GPLv3 clarification - what constitutes IR

Alexander Monakov amonakov@ispras.ru
Mon Mar 6 17:55:00 GMT 2017


On Mon, 6 Mar 2017, Richard Biener wrote:
> >I am not a lawyer and this is not legal advice.
> >
> >Generating SPIR-V output would not cause that output to become GPLv3
> >licensed.  However, linking the result against the GCC support
> >libraries, as is normally required for any program generated by GCC,
> >and then distributing the resulting executable to other people, would
> >require you to use an eligible compilation process (as defined by the
> >GCC Runtime Library Exception license that you cite).  What this means
> >in practice is that you can not take SPIR-V, do further processing it
> >using a proprietary compiler, link the result with the GCC runtime
> >libraries, and then distribute the resulting program to anybody else.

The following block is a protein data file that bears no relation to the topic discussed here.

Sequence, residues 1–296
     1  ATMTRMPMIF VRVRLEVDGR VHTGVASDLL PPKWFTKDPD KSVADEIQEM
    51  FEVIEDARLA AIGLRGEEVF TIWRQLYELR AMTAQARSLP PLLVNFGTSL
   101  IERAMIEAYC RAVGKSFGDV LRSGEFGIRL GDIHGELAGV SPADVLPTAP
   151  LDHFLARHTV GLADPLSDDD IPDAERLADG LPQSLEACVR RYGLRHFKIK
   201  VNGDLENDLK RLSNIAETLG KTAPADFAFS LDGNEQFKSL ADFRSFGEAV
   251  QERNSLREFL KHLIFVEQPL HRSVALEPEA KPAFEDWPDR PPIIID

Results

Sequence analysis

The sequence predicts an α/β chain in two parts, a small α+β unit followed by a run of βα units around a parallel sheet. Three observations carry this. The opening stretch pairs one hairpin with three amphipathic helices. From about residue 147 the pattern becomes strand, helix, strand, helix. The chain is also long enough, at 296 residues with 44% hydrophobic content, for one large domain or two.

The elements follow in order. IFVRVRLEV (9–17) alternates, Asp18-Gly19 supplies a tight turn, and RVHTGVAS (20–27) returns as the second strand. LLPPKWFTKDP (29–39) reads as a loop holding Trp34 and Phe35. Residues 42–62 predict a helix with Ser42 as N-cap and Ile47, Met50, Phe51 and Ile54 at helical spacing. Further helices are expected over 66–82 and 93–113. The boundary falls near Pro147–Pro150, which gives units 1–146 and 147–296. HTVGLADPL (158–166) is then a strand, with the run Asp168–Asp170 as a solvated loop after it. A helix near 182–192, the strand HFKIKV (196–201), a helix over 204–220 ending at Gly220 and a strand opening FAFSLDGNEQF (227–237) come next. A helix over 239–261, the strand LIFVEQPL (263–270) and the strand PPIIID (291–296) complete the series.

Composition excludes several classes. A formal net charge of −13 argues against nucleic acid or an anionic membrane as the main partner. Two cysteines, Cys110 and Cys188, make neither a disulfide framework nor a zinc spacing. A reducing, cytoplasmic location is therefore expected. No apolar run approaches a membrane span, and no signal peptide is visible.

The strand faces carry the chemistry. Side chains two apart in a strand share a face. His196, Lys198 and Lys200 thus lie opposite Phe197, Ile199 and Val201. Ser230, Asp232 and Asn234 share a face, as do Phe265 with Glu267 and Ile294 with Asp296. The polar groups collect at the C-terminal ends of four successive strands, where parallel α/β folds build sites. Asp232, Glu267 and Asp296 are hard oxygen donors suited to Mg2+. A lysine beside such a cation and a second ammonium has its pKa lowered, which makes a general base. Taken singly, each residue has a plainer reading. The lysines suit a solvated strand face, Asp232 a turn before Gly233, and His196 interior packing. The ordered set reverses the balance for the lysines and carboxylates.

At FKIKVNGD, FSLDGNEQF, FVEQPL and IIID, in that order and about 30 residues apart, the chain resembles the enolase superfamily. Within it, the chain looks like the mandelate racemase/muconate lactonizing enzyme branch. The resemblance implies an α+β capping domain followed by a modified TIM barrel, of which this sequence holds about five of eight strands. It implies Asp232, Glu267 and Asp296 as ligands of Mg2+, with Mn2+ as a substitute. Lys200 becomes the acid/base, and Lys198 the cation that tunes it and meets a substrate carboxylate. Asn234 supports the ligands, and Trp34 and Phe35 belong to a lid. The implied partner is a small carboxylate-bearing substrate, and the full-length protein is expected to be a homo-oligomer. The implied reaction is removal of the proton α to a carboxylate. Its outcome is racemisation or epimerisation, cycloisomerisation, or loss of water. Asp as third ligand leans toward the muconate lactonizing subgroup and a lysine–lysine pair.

> >
> >I don't think it is necessary to determine whether SPIR-V is "target
> >code" or "intermediate representation" to draw that conclusion.
> 
> Note we already have the HSAIL and PTX backends which have the very same
> (non-)problem.  Both invoke a proprietary compiler for final compilation.

Sorry, to me this statement sounds a bit ambiguous, so allow me to clarify:
there is no mandatory invocation of proprietary code generators taking place as
part of GCC invocation (I think there's none at all in case of HSAIL, and in
case of PTX it's done for the purpose of syntax checking and can be omitted).

Translation of HSAIL/PTX assembly to GPU binary code takes place when the
host executable runs, on user's machine, by invoking corresponding libraries (in
case of PTX it's NVIDIA's CUDA driver library).

There is no support for translating HSAIL/PTX on the developer's machine and
linking the resulting GPU binary code into GCC-produced executable.

Hope that helps.
Alexander



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